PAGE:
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I have attempted to estimate the risk-neutral probability density, from CBOE options prices on S&P500 from 2010 to 2016, using the following approximation from Hull (2018).

For call options on a given date with equal maturity, prices $c_1,c_2,c_3$ and strikes $K_1 = K_2-\delta, K_2,K_3=K_2+\delta$.

$ \hat{g}(S_T=K) = e^{-r*(T-t)}\frac{c_1+c_3-2 * c_2}{\delta^2} \quad (1)$

For some reason, this expressions returns a negative value for some strikes.

Here is an example from my dataset:

dtmyears libor3m bid offer cp_flag strike     g
.032 .0025063 188.9 192.3 "C"     925            .
.032 .0025063 164.1 167.4 "C"     950            .
.032 .0025063 139.2 142.6 "C"     975        4.54e-17
.032 .0025063 114.4 117.8 "C"     1000      -.00016  <----  Why is it negative?
.032 .0025063  89.6  92.9 "C"     1025       .00048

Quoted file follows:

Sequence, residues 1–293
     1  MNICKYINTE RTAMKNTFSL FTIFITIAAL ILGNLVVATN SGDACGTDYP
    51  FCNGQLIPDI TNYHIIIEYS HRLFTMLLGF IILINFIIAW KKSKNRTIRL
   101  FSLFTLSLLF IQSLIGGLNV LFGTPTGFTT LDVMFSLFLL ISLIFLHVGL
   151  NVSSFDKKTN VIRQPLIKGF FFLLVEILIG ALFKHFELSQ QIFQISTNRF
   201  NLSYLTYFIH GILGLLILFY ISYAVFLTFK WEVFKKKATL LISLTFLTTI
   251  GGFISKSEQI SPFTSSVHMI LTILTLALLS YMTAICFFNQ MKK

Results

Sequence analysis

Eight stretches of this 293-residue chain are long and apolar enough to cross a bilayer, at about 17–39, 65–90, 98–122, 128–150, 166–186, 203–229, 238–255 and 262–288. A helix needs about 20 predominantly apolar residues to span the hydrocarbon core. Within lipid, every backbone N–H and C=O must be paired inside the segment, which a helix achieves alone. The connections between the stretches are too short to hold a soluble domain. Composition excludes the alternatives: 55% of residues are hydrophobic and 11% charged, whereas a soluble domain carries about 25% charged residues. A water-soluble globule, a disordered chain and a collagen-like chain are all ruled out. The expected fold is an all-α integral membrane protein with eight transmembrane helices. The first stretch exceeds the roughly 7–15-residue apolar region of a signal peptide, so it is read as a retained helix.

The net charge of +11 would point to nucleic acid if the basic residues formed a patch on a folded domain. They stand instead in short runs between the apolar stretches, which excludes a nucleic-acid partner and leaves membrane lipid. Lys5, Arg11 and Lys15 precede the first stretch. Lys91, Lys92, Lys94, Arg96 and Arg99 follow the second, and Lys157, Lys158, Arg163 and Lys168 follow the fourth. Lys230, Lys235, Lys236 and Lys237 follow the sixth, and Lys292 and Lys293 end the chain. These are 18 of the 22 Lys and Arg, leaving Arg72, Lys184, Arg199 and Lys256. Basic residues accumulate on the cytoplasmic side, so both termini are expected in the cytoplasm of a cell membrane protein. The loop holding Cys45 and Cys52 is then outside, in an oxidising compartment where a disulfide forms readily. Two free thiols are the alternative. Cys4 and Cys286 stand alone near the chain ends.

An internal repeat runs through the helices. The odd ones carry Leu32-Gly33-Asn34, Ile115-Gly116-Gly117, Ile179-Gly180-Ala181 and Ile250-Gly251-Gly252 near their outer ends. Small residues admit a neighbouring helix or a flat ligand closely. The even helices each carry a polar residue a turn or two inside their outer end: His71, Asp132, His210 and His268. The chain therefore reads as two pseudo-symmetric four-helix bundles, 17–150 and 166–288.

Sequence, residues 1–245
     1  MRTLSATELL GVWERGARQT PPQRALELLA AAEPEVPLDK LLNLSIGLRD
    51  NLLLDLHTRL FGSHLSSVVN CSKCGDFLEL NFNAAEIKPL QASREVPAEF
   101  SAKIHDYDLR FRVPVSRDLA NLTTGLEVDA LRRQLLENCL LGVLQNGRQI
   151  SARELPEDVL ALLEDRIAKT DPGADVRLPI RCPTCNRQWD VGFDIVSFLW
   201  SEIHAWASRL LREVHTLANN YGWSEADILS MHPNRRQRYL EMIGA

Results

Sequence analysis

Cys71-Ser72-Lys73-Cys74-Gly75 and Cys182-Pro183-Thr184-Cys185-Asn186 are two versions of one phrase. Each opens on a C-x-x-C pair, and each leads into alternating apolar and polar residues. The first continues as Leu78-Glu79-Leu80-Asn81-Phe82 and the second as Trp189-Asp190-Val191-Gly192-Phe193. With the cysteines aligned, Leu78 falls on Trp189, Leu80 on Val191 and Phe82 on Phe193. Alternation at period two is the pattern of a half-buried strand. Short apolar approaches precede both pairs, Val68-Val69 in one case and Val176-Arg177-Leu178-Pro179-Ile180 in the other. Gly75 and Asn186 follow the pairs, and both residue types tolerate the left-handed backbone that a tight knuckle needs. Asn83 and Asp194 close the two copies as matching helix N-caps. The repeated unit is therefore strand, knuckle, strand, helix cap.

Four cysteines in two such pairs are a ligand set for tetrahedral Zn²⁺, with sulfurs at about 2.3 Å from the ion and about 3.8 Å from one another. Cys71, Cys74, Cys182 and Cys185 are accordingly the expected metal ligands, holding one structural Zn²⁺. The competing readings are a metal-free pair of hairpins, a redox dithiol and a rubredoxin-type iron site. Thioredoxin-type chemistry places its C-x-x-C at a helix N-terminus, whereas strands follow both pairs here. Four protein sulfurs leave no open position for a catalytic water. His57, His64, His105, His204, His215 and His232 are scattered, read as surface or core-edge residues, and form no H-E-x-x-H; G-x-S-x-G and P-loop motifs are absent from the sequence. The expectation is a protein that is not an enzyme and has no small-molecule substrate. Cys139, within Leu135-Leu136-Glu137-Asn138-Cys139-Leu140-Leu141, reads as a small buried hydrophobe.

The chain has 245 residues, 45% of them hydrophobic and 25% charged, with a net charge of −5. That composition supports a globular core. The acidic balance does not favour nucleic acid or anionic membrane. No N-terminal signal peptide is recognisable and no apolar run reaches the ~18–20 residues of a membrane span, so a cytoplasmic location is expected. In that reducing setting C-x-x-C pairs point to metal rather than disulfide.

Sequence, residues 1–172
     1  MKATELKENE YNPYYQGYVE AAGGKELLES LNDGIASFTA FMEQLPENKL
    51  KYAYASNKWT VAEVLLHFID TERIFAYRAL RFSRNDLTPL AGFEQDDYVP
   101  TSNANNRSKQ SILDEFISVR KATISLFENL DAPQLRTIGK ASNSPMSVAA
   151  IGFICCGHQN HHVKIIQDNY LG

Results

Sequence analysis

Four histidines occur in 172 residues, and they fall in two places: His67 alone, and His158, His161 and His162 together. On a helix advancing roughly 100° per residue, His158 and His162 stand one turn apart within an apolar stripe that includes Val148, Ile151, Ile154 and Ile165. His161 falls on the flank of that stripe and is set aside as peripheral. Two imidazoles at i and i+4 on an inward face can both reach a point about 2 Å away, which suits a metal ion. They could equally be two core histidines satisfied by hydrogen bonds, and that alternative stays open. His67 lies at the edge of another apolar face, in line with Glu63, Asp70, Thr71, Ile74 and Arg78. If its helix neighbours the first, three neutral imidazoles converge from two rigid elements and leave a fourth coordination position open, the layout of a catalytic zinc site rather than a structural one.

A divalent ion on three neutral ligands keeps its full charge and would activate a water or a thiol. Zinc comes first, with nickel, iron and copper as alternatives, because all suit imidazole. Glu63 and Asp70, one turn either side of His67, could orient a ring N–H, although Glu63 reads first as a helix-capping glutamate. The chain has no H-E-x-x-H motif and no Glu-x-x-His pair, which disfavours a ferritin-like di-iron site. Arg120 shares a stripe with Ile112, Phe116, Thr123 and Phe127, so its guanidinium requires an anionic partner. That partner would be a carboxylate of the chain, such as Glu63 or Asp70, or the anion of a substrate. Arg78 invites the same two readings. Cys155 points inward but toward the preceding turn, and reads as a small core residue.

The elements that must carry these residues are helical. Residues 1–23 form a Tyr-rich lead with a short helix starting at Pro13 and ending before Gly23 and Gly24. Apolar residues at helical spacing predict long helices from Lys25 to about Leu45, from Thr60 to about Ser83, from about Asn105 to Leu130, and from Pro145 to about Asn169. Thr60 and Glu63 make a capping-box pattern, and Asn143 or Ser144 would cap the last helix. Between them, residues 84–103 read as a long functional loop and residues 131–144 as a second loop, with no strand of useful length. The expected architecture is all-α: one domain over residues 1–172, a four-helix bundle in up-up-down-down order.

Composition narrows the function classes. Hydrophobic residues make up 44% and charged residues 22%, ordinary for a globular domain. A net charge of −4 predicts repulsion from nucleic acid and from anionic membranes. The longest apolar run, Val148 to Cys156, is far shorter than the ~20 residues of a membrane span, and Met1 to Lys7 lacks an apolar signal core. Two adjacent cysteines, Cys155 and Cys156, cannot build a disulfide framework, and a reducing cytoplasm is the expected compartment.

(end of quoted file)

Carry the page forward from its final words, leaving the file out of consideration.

.032 .0025063  64.9  68.3 "C"     1050       .00032
.032 .0025063  41.2  43.9 "C"     1075       .00336
.032 .0025063  19.6  21.6 "C"     1100        .0112
.032 .0025063   4.8   6.3 "C"     1125       .01616
.032 .0025063    .3   1.1 "C"     1150       .00752

In the example above, i have calculated $g(S_T = 1000)$ as follows (ignoring discounting):

$ \hat{g}(S_T=1000) =\frac{142.6+92.9-2*117.8}{25^2}=-.00016$

This occurs both for puts and calls in all years, and both for bids, offers and averages of these.

I suspect, that this is caused by differences in spread between the strikes.

Is it possible to incorporate the bid-offer spread in $(1)$, such that the effect is eliminated?

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You could for example parametrize your risk-neutral density $\hat{g}(S_T=x)$ as a polynomial:

$$ \hat{g}(S_t=x)=\sum_ia_ix^i$$

and solve the program for a chosen polynomial order $n =\max i$:

$$\begin{align} & \min_{(a_i)}\left[\sum_k\left(\sum_i a_ix_k^i-\hat{g}(S_t=x_k)\right)^2\right] \\[3pt] & \ \forall \ k, \ \sum_ia_ix_k^i\geq0 \end{align}$$

You can also use more tailored solutions to your problem such as kernel regression.

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